The Finnish Sauna
The sauna has been known for centuries. Back in the ancient days people would relax in hot steam baths and other rooms created specifically for sweating. Finland has been using various forms of the sauna for around 2000 years now. In earlier times they were probably nothing more but holes in the mountainside but today’s saunas are usually wooden huts at a lakeshore. Saunas are also commonly found inside city apartments. Walls, ceilings and floor are made of wood. Natural stones are placed inside some form of bowl. The bowl is then heated with electricity or – rarely – with gas, so that the room heats up.
Before you enter the sauna you should take a shower. Temperatures in a sauna vary between 60 and 90 degrees. It will rise further when water is poured onto the stones. Some people feel like lobster in a cooking pot. The humid heat makes the body sweat profusely. To stimulate blood circulation, some users hit themselves with birch branches. The sauna sessions after around ten minutes and people leave to take a cold shower. Some brave souls roll around in the snow outdoors or even jump into the ice-cold lake. Afterwards they dress again and feel refreshed and healthy.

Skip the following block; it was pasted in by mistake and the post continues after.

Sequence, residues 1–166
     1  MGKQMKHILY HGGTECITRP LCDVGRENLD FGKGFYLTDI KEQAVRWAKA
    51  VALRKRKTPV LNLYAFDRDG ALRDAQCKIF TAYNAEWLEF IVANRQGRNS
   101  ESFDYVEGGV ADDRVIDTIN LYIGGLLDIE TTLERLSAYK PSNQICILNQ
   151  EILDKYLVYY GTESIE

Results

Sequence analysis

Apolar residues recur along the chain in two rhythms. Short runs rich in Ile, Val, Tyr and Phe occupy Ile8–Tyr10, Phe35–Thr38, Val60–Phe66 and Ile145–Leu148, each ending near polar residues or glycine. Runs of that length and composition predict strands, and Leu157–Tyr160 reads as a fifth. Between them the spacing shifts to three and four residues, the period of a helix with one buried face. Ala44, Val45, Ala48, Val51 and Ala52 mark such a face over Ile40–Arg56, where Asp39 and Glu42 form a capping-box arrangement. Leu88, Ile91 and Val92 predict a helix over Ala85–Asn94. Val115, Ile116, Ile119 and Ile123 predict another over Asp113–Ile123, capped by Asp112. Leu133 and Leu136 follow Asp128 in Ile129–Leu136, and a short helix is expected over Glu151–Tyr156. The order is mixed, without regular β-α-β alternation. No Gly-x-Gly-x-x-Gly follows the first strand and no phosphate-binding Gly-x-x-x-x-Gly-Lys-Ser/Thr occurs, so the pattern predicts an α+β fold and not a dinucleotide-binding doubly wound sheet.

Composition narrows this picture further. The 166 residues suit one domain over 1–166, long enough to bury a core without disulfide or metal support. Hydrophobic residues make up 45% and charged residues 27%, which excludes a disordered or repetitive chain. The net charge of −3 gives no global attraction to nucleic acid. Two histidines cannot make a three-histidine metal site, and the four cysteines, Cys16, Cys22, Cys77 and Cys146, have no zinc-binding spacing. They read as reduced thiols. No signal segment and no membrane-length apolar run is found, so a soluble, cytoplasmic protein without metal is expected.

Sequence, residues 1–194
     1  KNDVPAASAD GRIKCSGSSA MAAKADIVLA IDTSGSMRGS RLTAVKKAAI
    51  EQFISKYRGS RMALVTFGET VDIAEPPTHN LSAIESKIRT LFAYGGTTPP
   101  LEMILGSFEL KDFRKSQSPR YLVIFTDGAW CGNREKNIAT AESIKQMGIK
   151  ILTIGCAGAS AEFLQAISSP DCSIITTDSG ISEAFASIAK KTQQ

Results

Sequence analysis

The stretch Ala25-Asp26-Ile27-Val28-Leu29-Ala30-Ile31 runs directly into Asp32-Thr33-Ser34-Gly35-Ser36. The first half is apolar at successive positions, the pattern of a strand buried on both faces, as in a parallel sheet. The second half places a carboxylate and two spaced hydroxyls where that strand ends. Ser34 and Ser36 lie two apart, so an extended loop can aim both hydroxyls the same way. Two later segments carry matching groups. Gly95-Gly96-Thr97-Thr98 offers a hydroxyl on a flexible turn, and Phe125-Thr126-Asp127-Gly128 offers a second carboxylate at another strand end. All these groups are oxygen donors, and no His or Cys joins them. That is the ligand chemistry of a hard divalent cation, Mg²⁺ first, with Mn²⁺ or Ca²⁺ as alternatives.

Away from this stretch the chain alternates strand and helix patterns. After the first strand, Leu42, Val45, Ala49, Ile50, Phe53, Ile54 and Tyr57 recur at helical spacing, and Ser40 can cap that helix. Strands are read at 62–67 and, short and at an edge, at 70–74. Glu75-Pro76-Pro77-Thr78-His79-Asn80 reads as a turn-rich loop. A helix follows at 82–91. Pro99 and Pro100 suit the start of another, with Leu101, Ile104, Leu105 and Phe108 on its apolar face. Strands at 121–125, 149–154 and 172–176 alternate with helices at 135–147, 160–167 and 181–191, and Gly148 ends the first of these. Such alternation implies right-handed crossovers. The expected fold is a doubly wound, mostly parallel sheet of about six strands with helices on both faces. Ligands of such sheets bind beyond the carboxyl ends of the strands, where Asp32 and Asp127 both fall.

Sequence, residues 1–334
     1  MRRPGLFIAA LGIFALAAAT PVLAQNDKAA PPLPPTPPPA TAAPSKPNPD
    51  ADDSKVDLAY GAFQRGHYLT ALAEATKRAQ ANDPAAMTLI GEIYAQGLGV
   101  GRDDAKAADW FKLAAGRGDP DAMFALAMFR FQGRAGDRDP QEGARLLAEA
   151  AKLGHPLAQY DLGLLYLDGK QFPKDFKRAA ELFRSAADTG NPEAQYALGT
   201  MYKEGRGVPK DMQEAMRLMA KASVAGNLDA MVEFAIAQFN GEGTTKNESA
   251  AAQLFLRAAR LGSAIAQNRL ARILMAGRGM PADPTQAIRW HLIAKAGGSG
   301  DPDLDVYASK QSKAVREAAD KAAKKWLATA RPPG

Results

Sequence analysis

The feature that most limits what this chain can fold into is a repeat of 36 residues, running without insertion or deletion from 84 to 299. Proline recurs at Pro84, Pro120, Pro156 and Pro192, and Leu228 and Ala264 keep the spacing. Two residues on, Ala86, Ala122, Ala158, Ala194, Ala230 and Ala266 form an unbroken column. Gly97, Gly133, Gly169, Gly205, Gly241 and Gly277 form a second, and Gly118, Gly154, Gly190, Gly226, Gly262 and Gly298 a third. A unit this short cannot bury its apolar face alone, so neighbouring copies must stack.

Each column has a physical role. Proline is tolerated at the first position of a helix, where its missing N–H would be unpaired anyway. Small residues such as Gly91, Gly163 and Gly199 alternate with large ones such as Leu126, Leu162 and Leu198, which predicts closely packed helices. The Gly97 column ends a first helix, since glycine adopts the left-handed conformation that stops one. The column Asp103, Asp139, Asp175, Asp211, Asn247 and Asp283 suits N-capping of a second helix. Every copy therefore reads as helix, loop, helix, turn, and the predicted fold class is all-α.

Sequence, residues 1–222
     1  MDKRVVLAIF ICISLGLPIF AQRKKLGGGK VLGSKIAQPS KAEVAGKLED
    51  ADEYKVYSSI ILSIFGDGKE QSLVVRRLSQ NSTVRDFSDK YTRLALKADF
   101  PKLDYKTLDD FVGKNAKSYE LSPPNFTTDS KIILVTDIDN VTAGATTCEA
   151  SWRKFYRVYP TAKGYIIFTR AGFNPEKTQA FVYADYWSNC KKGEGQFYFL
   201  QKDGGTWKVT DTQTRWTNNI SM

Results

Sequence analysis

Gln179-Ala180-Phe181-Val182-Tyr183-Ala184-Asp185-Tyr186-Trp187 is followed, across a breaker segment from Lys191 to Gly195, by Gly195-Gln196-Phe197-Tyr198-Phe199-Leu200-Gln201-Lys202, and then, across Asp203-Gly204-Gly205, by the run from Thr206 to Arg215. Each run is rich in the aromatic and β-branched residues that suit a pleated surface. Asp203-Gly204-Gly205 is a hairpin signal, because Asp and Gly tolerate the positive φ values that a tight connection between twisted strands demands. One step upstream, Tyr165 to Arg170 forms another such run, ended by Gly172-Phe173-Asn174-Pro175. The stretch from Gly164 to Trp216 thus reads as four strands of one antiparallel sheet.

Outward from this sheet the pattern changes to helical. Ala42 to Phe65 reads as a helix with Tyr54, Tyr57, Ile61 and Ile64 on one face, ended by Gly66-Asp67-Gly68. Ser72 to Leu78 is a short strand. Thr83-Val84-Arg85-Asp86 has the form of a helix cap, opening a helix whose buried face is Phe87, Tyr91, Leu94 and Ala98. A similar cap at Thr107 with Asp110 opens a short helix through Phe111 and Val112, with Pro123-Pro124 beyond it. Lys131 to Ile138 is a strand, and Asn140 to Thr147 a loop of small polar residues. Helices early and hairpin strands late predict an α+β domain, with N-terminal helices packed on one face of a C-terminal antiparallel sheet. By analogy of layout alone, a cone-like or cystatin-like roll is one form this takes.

In 1990 Finland counted about 1,500,000 saunas for 4,900,000 inhabitants. This means: There’s a sauna for 3.26 inhabitants. On average a Finn will visit the sauna twice a week. Women have given birth in saunas and the odd dead body has been stored in one as well.
Some Finns are not satisfied with merely jumping into a cold lake to cool off: In winter two holes that are 5-6 metres apart are bored into the ice that covers the frozen lake. They then swim from one hole to the other. However there’s a great risk that they will not reach the second hole and for most Finns this kind of derring-do has nothing to do with the pleasure of the sauna.